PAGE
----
|Real Name: Val Kilmer|
|Birthday: December 31, 1959|
|Place of Birth: Los Angeles, CA|
|Education: Hollywood Professional School Hollywood, CA; The Juilliard School, New York, NY (drama)|
Val Kilmer Biography and Filmography:
Described by some as Hollywood's most hard to work with leading man, Val Kilmer also has his share of supporters to offset the mass of his detractors. An actor of many styles, he steered his own career path, passing on smash hits like "Blue Velvet" (1986), "Dirty Dancing" (1987), "In the Line of Fire" and "Indecent Proposal" (1993), while choosing to live outside the Hollywood community, first in New York and later in New Mexico, did not help to make the most of on his breakout triumph in "Top Gun" (1986).
Kilmer caught the Hollywood bug at a young age, becoming the youngest student at that time to train for the stage at the Julliard School, where he and his friends wrote and performed their own productions. Theatre work followed, before his Broadway debut opposite Sean Penn and Kevin Bacon in "The Slab Boys" (1983).
Soon after, he started with movies and films, first as the full of life young teen idol singing "Skeet Surfing" and other songs in the spy adventure flick parody "Top Secret!" (1984). He secured his celebrity status as the nutty inventor of "Real Genius" (1985), showing that he could be cool and sexy, and still be a bright student. He them upstaged Tom Cruise and Meg Ryan in "Top Gun", playing Tom 'Iceman' Kazansky, the egotistical F-14 pilot whose technical skills surpass those of his peers.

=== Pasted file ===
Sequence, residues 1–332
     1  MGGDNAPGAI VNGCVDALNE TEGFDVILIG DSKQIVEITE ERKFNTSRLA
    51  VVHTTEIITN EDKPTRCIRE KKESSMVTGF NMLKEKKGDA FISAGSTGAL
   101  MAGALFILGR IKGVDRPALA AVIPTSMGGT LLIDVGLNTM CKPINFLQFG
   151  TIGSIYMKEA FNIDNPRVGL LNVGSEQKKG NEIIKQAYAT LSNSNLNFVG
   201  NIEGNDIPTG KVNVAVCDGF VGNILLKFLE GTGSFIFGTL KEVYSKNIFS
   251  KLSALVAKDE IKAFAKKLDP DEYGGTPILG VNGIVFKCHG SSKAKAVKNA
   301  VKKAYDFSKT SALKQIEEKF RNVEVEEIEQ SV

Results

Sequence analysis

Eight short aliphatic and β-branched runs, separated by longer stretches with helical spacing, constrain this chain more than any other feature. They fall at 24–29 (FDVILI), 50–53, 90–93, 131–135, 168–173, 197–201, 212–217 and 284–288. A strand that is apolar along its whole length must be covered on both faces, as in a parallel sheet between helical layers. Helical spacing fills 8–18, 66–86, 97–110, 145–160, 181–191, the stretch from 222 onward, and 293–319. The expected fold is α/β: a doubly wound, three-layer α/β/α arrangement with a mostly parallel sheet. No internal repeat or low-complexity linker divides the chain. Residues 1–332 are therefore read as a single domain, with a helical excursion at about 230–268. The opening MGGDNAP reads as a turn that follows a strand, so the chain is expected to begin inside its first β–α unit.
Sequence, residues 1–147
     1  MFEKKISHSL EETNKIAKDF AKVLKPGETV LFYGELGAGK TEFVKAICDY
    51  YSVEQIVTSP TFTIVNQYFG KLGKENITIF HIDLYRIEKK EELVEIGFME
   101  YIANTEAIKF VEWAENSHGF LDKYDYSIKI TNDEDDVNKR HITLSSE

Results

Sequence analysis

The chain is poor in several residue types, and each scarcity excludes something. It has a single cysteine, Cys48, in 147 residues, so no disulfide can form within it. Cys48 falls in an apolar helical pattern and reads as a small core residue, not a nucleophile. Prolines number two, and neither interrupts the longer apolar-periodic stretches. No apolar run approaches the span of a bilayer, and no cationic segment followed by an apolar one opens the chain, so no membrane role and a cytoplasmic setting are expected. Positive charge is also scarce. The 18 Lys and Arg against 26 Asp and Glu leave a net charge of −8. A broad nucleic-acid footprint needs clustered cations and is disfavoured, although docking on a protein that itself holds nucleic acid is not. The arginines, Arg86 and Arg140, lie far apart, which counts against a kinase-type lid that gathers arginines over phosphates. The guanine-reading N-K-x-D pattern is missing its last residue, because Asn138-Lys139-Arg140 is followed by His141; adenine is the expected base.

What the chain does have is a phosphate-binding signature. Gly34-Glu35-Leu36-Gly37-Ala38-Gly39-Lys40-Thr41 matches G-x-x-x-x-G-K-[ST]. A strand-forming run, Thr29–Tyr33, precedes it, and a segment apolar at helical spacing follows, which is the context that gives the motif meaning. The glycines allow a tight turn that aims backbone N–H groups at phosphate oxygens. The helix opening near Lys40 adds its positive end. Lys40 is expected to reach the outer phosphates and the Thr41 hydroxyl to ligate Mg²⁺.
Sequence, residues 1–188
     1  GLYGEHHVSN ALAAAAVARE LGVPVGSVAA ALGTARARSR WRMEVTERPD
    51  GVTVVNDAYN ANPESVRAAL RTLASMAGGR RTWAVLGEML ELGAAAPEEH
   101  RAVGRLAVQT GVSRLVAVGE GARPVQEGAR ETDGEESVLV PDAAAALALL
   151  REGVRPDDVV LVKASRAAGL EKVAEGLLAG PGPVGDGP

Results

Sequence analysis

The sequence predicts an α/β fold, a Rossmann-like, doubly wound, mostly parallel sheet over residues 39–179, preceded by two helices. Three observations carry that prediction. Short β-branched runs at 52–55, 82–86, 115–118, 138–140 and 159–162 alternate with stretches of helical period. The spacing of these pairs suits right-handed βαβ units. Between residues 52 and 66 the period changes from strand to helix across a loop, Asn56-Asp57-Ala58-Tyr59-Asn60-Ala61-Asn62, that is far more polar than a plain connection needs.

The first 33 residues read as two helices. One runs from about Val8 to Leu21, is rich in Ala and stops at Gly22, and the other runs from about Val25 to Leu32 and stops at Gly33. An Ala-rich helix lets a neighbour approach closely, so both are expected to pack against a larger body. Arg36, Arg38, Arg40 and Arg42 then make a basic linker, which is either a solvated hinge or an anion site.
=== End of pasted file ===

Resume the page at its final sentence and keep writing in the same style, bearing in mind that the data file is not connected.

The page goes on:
His next few projects did not do well at the box office, as the first hints of him as a "difficult" actor began to surface. He displayed a panache for fantasy heroics as the lead in Ron Howard's "Willow" (1988), a fantasy from producer George Lucas. His leading lady was his future wife Joanne Whalley, and the pair also co-starred in "Kill Me Again" (1989), a spoof of film noir. He gained more awareness for his role as tortured singer Jim Morrison in Oliver Stone's biopic "The Doors" (1991), providing his own vocals during filming and on the soundtrack.
He next starred in Michael Apted's "Thunderheart" (1992), a crime drama about a FBI agent who must confront his heritage while probing a murder on an Oglala Sioux Indian reservation. Part Cherokee in real life, the actor was at first unhappy with the story and kept arguing with executives, driving the director crazy with ideas during the production. He got his career back on a track with a role as the gunfighter Doc Holliday, stealing the limelight from Kurt Russell's Wyatt Earp while making tuberculosis seem romantic in the surprise hit Western "Tombstone".
Val also gave a quirky portrayal of Elvis in "True Romance" (1993) with Christian Slater, Patricia Arquette, Brad Pitt and Samuel L. Jackson before finally graduating to the A-list sexy celebrity list when selected by Joel Schumacher to succeed the departing Michael Keaton as the Caped Crusader in "Batman Forever" (1995) with Drew Barrymore and Nicole Kidman. Pitted against famous scene stealers Jim Carrey and Tommy Lee Jones, he brought a more straight forward and fatherly quality to the best sequel of the Batman franchise, a blockbuster earning over $225 million worldwide.